In her 1928 A Room of One's Own, Virginia Woolf explored the social constraints that limited women's literary and artistic production. Talent, even genius, counted for little, Woolf mused, without financial resources and privacy to nurture it. The houses of writers and artists in this tour eloquently demonstrate Woolf's classic thesis. The space, comfort, and privacy of many of these buildings reveal the class privilege that sustained the creative work of women such as Margaret Fuller, Edna St. Vincent Millay, and Edith Wharton.
Recently, other women writers and artists have come into view as cultural historians and feminist scholars have challenged the notion of universal quality in art that transcends time and place, and pointed to the arbitrary and shifting boundaries between "highbrow" and "lowbrow" culture. Such reconsiderations have broadened our ideas of what counts as art and literature, bringing new attention to work such as the post office murals of Amy Jones, the public art of sculptor Theo Ruggles Kitson, the poetry of Celia Thaxter, the photography of Alice Austen, and the dazzling performances of entertainer Florence Mills.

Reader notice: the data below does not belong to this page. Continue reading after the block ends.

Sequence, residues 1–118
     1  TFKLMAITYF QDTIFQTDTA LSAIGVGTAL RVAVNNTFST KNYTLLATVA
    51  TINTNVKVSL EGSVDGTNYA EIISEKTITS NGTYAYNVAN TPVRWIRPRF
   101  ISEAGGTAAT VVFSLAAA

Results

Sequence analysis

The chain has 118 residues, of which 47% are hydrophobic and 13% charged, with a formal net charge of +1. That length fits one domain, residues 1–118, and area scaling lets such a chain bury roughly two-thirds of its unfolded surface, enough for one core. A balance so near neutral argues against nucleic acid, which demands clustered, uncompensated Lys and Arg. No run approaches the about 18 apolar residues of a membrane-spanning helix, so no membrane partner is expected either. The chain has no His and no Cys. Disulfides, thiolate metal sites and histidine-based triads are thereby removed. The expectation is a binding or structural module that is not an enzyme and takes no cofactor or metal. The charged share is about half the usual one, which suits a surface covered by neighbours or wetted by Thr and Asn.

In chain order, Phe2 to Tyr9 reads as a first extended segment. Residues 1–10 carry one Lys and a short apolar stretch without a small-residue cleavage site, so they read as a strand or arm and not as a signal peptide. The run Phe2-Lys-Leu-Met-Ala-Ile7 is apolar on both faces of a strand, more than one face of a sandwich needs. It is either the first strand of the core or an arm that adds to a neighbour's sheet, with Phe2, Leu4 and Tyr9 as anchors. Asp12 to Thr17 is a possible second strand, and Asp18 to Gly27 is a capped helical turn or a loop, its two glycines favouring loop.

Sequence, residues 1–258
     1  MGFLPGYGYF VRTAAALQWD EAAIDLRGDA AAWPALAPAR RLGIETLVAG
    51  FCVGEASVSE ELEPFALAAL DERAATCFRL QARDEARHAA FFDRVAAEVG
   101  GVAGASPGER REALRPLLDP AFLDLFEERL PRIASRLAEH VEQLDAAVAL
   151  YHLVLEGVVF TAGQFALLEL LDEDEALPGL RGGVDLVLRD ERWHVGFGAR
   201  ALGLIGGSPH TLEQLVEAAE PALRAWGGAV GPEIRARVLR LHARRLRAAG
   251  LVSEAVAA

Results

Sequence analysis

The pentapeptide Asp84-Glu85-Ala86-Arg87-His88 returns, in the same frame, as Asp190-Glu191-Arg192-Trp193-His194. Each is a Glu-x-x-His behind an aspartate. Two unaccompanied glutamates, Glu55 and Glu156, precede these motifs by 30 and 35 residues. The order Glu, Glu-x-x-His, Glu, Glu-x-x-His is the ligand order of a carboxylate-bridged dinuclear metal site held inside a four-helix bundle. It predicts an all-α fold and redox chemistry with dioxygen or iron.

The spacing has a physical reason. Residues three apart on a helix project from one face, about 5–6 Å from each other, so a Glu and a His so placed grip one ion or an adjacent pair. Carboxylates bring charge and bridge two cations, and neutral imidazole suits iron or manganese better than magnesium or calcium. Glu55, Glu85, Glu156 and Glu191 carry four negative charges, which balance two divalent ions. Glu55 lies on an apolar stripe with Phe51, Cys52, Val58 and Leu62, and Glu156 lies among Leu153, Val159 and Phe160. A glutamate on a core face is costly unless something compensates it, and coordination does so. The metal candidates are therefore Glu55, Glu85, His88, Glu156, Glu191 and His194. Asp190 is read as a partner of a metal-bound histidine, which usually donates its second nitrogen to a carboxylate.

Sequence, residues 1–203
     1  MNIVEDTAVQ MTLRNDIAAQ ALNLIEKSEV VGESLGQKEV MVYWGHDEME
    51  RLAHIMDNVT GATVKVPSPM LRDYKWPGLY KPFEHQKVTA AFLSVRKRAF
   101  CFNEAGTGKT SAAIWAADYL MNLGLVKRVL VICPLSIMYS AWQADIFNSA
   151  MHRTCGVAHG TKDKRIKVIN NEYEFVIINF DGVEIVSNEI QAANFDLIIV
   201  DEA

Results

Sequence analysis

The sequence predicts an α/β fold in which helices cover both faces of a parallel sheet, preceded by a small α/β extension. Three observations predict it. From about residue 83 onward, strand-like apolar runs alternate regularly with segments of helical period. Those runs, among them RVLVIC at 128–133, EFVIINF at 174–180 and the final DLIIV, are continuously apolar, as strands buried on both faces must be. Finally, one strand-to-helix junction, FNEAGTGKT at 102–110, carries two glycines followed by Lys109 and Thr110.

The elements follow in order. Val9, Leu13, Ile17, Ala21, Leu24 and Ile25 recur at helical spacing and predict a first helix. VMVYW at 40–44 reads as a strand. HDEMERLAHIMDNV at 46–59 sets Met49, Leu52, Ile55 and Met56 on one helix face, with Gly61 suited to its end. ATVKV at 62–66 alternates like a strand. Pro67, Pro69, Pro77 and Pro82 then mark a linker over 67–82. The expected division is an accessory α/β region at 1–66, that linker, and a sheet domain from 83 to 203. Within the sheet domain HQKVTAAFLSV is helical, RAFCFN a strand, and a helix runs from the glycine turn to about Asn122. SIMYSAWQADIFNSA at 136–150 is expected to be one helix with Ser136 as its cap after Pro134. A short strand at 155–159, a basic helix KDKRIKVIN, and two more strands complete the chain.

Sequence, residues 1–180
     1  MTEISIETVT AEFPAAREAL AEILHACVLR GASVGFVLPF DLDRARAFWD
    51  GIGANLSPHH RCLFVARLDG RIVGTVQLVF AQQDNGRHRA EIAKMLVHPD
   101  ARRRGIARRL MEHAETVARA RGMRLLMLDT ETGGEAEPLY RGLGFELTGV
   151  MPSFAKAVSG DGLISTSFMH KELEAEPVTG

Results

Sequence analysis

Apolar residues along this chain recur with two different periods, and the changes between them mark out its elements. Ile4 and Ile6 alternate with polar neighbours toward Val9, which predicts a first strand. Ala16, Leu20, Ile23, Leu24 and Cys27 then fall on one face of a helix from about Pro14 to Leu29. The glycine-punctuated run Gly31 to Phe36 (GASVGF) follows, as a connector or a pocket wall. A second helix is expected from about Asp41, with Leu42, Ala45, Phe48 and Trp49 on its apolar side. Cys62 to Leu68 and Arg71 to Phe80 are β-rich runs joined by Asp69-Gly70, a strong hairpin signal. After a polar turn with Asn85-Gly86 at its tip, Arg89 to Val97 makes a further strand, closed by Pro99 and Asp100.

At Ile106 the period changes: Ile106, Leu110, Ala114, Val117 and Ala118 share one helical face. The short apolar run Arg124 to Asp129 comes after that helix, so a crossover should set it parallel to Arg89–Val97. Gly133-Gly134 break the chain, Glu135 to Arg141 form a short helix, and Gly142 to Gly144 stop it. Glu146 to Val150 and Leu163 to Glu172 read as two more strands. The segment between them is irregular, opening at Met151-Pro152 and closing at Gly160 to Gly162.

Women also contributed to art and literary history as patrons and connoisseurs. Isabella Stewart Gardner collected European and ancient art, ensuring that her own selections and arrangements would be preserved as an enduring monument to the aesthetic judgement. The Mount, Edith Wharton's house and gardens, served not only as a retreat, but as an expression of a highly self-concious domestic and landscape aesthetic. Gertrude Vanderbilt Whitney exexmplifies the important role of elite women as culture-bearers whose patronage supported contemporary artists, and whose philanthopy created and sustained public museums.
Dr. Barbara Melosh